INFORMATION, Media and Broadcasting Services deputy minister Supa Mandiwanzira has hinted that private television stations could be licensed by January 2015 and applications would be invited by August.
According to the official parliamentary publication Hansard, Mandiwandzira told the National Assembly during oral answers to questions without notice on Wednesday that digitalisation of broadcasting services would be achieved by June 2015 in line with the requirements of the International Telecommunications Union (ITU).
This was in response to a question by Kuwadzana MP Nelson Chamisa who wanted to know when new television players would be licensed.
“Once again, the question was about independent TV stations. So I needed to clarify that we are not going to have independent TV stations.
“We are going to have private television stations. Private television stations are not independent; they are private. The question was when are we going to have them? We anticipate that by January 2015 we will have private players licensed to offer television broadcasting in this country,” Mandiwanzira said.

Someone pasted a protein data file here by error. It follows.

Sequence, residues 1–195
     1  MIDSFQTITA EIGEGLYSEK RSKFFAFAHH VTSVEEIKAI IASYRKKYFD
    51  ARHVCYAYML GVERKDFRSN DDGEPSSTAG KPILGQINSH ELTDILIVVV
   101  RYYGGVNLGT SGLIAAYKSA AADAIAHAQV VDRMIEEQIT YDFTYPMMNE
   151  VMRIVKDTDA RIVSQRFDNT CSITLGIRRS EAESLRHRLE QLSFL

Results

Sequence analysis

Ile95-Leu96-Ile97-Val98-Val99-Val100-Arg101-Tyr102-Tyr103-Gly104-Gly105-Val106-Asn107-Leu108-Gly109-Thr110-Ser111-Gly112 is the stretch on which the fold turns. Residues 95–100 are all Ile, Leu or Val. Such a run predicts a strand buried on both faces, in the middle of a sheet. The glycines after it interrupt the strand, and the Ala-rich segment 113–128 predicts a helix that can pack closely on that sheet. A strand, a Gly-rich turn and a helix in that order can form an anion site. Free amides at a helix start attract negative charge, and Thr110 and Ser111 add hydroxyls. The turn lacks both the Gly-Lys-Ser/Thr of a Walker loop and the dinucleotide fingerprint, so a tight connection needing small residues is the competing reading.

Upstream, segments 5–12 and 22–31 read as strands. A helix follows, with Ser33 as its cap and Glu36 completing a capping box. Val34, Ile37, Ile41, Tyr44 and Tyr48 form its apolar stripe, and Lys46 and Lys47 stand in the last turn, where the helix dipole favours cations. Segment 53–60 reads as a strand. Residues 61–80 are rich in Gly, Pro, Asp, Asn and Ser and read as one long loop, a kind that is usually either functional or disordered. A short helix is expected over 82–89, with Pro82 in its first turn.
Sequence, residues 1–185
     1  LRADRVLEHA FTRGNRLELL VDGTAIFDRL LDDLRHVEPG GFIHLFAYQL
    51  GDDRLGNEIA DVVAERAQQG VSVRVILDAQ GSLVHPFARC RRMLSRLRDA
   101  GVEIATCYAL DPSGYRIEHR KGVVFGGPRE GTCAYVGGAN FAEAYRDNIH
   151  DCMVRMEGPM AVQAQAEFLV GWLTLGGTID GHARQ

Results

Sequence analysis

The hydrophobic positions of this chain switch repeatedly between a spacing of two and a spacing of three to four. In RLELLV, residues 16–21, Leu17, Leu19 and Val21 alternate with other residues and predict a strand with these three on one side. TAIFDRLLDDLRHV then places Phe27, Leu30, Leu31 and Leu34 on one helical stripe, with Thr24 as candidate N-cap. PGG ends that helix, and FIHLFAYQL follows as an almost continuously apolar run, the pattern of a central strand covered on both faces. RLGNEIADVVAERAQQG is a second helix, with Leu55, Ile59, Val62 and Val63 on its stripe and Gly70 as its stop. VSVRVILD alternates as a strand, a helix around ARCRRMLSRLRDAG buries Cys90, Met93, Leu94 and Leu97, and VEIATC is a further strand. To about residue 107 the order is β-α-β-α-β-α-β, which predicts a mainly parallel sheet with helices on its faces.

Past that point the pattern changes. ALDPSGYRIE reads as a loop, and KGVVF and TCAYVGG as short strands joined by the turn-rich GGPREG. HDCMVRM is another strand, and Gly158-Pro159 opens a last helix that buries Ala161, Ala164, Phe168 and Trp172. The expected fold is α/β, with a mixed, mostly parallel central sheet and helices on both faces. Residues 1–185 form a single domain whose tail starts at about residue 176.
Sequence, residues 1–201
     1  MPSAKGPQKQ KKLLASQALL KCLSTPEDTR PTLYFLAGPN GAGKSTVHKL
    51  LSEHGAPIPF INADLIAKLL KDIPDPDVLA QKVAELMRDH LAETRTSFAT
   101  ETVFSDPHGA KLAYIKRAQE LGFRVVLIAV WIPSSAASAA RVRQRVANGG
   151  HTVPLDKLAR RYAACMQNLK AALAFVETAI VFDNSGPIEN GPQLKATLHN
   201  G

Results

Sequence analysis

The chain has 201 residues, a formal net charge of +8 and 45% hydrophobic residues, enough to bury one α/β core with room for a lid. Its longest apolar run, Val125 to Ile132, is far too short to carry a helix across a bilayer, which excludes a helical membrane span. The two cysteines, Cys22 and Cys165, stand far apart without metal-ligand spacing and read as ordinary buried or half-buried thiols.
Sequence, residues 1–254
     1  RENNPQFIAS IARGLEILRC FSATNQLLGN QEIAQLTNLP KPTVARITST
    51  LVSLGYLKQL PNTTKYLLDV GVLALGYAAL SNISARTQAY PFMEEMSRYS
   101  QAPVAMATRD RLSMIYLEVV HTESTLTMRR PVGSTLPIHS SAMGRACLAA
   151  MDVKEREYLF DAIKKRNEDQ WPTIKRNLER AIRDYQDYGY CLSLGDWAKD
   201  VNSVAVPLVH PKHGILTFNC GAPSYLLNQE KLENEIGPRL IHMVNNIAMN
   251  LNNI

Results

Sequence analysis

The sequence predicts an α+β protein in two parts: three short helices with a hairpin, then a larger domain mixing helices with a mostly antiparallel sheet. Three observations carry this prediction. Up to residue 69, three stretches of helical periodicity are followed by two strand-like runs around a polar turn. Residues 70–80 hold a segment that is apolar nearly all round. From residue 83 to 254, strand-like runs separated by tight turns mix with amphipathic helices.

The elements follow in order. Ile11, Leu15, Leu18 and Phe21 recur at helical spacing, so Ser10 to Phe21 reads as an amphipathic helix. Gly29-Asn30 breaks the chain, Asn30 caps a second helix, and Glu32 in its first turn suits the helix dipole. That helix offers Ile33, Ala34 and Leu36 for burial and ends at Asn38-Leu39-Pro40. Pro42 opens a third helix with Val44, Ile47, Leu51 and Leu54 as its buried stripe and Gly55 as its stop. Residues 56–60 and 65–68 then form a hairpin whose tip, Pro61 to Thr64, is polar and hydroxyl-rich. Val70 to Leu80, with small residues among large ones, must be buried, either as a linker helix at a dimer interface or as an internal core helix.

“Advertising or invitations for applications of these licences are expected to be announced by the Broadcasting Authority of Zimbabwe (BAZ) not later than August, for those that want to apply for television channels,” Mandiwandzira said.
According to Mandiwandzira, digitalisation of broadcast services would be achieved by June 2015 in line with the requirements of the ITU which set that deadline for all member nations to digitalise their broadcasting services and therefore opening up the airwaves.
“It would not be difficult to switch off analogue. We can even do it today, but what is important is that we are able to migrate from analogue to digital with the rest of the world.
“We are committed as the ministry to be able to meet that deadline.
“We are mobilising resources right now to be able to meet the digitalisation of all transmission in the country through transmedia and we hope that by June 2015, we will be able to switch off analogue and switch on digital for our consumers,” he added.
The present analogue system uses only 24 transmitters with some parts of the country failing to get radio and television signals.
Last year in September, the Information, Media and Broadcasting Services ministry said about 40 new commercial television licences would be issued after completion of digitalisation in June 2015, marking the beginning of the end of the State-owned Zimbabwe Broadcasting Corporation monopoly.